"In the year 2000, there won't be any contact below the waist." —Bum Phillips, Head Coach, Houston Oilers
This is an article from the Sept. 3, 1979 issue
"The 25-yard end zone is the single greatest thing that could change the game. The whole concept of goal-line defenses would change with that." —Marv Levy, Head Coach, Kansas City Chiefs
Sure, open it up.
"Players will look a lot different: lighter equipment, more formfitting shoulder pads, a different type of helmet, soft rib pads." —Dan Rooney, President, Pittsburgh Steelers
"By 2000 there'll be pari-mutuel betting on every play in every game in the NFL." —Byron Donzis
"There'll be a little metal fleck in the football, so you can tell for sure whether the guy with the ball got over the goal line or was pushed back." —Tex Schramm, General Manager, Dallas Cowboys
You bet, that's a can-do.
"Everything will become more specialized. On defense, you'll get pass rushers and run defenders, first-down and third-down defensive ends. You'll see relief quarterbacks." —Tom Flores, Head Coach, Oakland Raiders
Looks inevitable, yeah.
"I think you'll have a lot of women playing quarterback by 2000. For one thing, they have a higher threshold of pain." —Byron Donzis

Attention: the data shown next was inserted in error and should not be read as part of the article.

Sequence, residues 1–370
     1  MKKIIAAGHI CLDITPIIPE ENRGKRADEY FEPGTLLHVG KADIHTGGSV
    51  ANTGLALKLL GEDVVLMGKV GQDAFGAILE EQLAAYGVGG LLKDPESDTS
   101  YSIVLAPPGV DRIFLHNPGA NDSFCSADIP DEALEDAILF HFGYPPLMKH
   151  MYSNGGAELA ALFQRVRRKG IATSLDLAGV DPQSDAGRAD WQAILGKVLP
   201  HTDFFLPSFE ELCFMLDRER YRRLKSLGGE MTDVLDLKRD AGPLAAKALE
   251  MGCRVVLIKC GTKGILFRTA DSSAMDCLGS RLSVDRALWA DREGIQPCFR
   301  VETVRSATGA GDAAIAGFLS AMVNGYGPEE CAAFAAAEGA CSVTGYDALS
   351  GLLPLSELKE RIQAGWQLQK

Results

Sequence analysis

"I don't think there'll be a franchise in a poor-weather area without a domed stadium. And you won't see franchises moving into 50,000-seat baseball-oriented stadiums." —Tex Schramm
"Maybe the football players will come from someplace else. The best lineman in the country might be on the streets of L.A., and not at USC—and we'll find a way to find him." —Bum Phillips
You betchum, Red Ryder.
"It's a very tough, very hard game, and I think more and more it's going to be played by the so-called underprivileged. It's too tough, too physical a game for a society that's become so affluent. Kids can get the same great cardiovascular exercise from soccer." —Marv Levy
"The quarterback will have a calculator in his helmet. It will be on his Lexan visor, so he'll be able to see readouts based on percentages and statistics to determine the ideal play to run." —Byron Donzis
Where did you come from, Byron Donzis?
"The coaches will begin to dress alike, and maybe there will be a machine out there doing the coach's job. It'll be second and four, the guy will punch a button on his chest and—wonk, wonk, wonk—he'll say, 'O.K., run off tackle.' " —John Madden, Former Coach, Oakland Raiders
"We'll see equipment that will be supportive of body functions. I'm visualizing devices that will allow a player—a receiver, say—to jump two or three feet higher than he does now. Or we'll put a strong enough biomechanical device on a quarterback's back so he can pass 150 yards, which will be important, because the field will have to be that large by then." —More Byron Donzis
"Or a power-pack device on a running back's legs, so he can drive through the line. And we'll need smarter players, too, because you won't be able to use these charger devices except for a few specified number of times each game. If you're a defensive back and you waste your spring action on a play that doesn't require it, then the receiver can spring up six feet high next time, and you won't be able to deal with him. And think of the excitement in the stands when the odds on the pari-mutuel boards reflect this." —Typical Byron Donzis